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The Fine Neighborhood Men's Store Lives

Discussion in 'Classic Menswear' started by lisapop, Apr 11, 2005.

  1. lisapop

    lisapop Senior Member

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    I came across a discussion bemaoning the death of the fine neighborhood men's store, and while, indeed, many have faded away, not all have. Â I came across a terrific store called MS McClellan, located in Knoville, Tennessee (I've taken some liberties in that they sell women's clothes, too), carrying the torch, and hope that others exist, too. Â Wondering what other stores are flourishing in your neighborhood or elsewhere in the US... http://www.msmcclellan.com/ Grayson
     


  2. AlanC

    AlanC Minister of Trad

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    I've never visited the store (although I'm through Knoxville all along), but I visit the McClellan website pretty often. In Birmingham I would direct people to Shaia's, Plain Clothes (home of the Alden specs from the other thread) and Harrison Limited (pretty Trad oriented). All three are different, but have small shops, well edited offerings and seem to know what they're doing.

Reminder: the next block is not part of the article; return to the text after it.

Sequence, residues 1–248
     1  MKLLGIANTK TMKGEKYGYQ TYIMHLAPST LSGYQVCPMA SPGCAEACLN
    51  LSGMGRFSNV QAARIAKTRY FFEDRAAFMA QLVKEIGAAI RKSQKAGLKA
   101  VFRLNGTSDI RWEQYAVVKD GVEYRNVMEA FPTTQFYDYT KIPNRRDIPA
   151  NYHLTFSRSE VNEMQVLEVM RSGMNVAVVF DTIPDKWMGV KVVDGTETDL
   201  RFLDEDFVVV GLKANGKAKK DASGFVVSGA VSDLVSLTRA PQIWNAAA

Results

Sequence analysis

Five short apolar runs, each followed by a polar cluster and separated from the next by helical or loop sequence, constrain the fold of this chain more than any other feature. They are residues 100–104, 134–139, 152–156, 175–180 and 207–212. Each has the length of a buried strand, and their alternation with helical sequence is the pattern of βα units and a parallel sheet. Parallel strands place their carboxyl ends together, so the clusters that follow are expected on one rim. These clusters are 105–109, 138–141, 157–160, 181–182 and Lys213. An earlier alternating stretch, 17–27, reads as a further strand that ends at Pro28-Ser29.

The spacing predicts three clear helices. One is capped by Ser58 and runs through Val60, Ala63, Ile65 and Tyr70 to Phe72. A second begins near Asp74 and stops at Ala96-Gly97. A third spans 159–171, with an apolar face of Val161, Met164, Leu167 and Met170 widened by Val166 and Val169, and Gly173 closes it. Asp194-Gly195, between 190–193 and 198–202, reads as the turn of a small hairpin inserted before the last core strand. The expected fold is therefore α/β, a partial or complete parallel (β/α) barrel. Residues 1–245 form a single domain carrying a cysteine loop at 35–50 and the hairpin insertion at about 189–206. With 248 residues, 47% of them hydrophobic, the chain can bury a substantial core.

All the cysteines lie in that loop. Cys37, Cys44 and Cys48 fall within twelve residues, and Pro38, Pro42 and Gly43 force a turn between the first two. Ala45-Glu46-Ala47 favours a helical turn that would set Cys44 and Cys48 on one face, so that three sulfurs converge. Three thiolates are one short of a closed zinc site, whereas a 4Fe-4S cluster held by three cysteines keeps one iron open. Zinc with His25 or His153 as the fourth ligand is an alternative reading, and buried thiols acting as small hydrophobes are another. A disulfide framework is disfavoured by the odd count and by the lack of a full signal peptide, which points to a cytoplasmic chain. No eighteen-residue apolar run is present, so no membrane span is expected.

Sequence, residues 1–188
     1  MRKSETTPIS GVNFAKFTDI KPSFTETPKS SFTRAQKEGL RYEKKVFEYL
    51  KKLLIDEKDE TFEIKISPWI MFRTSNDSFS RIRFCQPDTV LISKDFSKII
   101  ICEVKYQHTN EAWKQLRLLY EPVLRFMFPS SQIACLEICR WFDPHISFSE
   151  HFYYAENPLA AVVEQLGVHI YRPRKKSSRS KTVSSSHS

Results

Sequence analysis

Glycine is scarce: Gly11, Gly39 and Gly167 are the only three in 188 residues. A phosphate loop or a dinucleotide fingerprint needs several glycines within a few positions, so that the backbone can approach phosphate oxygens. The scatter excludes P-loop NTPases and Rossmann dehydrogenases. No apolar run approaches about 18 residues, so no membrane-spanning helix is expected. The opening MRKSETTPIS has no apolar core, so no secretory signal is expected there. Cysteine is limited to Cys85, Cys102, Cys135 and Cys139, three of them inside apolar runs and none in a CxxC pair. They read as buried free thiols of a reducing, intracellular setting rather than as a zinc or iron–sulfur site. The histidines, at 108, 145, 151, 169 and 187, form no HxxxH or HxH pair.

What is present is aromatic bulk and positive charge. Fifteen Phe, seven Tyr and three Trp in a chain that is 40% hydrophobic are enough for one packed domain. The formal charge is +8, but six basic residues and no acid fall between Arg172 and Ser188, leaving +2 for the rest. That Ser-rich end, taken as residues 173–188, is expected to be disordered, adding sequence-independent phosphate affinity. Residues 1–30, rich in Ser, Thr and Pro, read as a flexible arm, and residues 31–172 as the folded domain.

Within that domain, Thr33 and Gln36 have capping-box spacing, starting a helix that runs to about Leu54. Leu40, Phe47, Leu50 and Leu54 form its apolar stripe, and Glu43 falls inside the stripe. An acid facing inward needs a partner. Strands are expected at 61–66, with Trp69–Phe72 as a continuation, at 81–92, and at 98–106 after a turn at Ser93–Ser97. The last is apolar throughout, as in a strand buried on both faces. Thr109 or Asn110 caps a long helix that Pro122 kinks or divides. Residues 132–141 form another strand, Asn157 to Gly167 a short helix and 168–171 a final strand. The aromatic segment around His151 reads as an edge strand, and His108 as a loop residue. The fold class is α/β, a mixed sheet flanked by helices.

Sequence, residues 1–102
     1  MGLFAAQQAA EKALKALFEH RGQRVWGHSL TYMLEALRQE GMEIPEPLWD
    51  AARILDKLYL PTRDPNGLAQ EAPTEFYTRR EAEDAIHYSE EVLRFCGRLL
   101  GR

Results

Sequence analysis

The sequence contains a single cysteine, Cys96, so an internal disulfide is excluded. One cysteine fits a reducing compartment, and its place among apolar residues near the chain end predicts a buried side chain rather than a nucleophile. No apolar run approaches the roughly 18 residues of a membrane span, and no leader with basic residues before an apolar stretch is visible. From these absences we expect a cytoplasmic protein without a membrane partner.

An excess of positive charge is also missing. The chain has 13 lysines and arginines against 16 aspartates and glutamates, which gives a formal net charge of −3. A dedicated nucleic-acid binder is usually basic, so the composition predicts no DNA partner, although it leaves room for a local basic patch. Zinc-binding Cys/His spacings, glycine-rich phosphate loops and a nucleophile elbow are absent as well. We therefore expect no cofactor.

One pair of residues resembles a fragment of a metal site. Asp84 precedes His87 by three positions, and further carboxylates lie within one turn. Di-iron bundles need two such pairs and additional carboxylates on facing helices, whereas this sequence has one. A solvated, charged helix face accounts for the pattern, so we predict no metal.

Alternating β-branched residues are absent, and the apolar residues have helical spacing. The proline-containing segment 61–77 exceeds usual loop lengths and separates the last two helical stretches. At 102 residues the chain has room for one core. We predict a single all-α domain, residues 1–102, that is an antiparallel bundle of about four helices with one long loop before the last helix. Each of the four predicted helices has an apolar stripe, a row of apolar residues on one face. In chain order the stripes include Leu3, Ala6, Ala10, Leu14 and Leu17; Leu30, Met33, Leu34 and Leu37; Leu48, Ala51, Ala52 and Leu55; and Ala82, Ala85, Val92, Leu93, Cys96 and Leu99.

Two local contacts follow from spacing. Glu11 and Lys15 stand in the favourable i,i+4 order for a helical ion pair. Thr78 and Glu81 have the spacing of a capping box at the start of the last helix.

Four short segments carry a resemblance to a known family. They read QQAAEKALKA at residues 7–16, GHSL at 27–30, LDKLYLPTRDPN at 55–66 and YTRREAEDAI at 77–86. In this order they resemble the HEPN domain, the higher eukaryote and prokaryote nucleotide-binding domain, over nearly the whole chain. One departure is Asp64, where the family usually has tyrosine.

3. StevenRocks

    StevenRocks Senior Member

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    McClellan's is an upstanding retailer, to be sure. Since we're giving "shout-outs," I have to rep my local store of distinction, Davidsons, in Roanoke, Virginia. Â These guys know clothes, especially at the downtown store, and their service is always above-board. An honorable mention has to go to Paul Simon Co. in Charlotte, North Carolina. Â I don't buy as much from them becuae my free hours and ther business hours do not mesh as well, but I highly reccomend their clothing and service.
     


  4. newyorker

    newyorker Senior Member

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    The MS McClellan website states this of Borrelli shirts: "At an average price of $250, Borelli is certainly an indulgence, but one with which nothing else compares."

    Surely the price isn't right?
     


  5. odoreater

    odoreater Distinguished Member